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Building a respectful social publishing platform that gives you full control #indieweb

3 min read

Tim Carmody wrote a great piece how the social web is not living up to its promise on Friday:

Still, for as long as the web does work this way, we are never only these companies' "products," but their producers, too. And to the extent that these companies show they aren't willing to live up to the basic agreement that we make these things and give them to you so you will show them to other people -- the engine that makes this whole world wide web business go -- I'm not going to have anything to do with them any more. What's more, I'll get mad enough to find a place that will show the things I write to other people and tell them they shouldn't accept it either. Because, ultimately, you ought to be ashamed to treat people and the things they make this way.

As I replied on my personal Known site, this isn't necessarily an issue with the social web at all. Disrespectful software has become so commonplace that we've come to see it as the new normal.

Here at Known, we're committed to building easy-to-use tools that empower people to publish on spaces that they fully control. More than that, we're committed to doing so respectfully. That means we won't spy on you and won't perform psychological tests on you without your consent (or, in fact, even with your consent). We may perform A/B tests and do rigorous user research, because that's how software is made, but we'll do so transparently, and in adherence with ethical guidelines. To that end, we've already open sourced the materials we use to perform user interviews.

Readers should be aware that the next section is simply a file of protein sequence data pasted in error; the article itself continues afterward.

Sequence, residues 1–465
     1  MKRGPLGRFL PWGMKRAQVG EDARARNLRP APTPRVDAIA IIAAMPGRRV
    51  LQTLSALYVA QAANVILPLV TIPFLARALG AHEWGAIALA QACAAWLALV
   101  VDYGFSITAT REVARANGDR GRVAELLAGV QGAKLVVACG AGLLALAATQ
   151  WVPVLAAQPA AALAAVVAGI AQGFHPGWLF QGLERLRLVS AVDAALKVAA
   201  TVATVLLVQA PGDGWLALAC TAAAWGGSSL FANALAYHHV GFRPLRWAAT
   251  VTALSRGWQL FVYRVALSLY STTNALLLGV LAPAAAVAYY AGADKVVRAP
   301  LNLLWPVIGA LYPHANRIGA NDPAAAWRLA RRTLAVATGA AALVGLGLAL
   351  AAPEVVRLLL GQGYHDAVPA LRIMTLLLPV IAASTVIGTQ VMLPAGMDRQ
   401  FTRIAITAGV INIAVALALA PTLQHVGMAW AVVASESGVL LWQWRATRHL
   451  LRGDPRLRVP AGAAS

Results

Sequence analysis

Why are we doing this? Partially because those are the ideals that led us to found the company in the first place. However, it's also good business: we're working with educators and journalists, and in both cases, we don't believe these practices would be ethical. Universities should not allow their students to be spied or experimented upon, and the sanctity of journalists' sources is paramount. For these kinds of organizations, respectful software isn't just an ideal: it's a feature.

We're not doing this in a vacuumL we're building our product in collaboration with these organizations. If you're a media company or an institution that is looking for a social publishing platform that gives you full control, get in touch with us. We're looking forward to working with you.

Working to bridge the #indieweb knowledge gap

5 min read

More than any stated principle of the indie web, I hold onto this core idea: Have your own website and really OWN it. Make it your content, make it your style, make it the greatest representation of you online. For some of us, that might mean that our websites are the singular hubs of all the content that we publish online, but if you’re not a content creator, it could mean something else for you. Your website is your own space to express yourself however you’d like.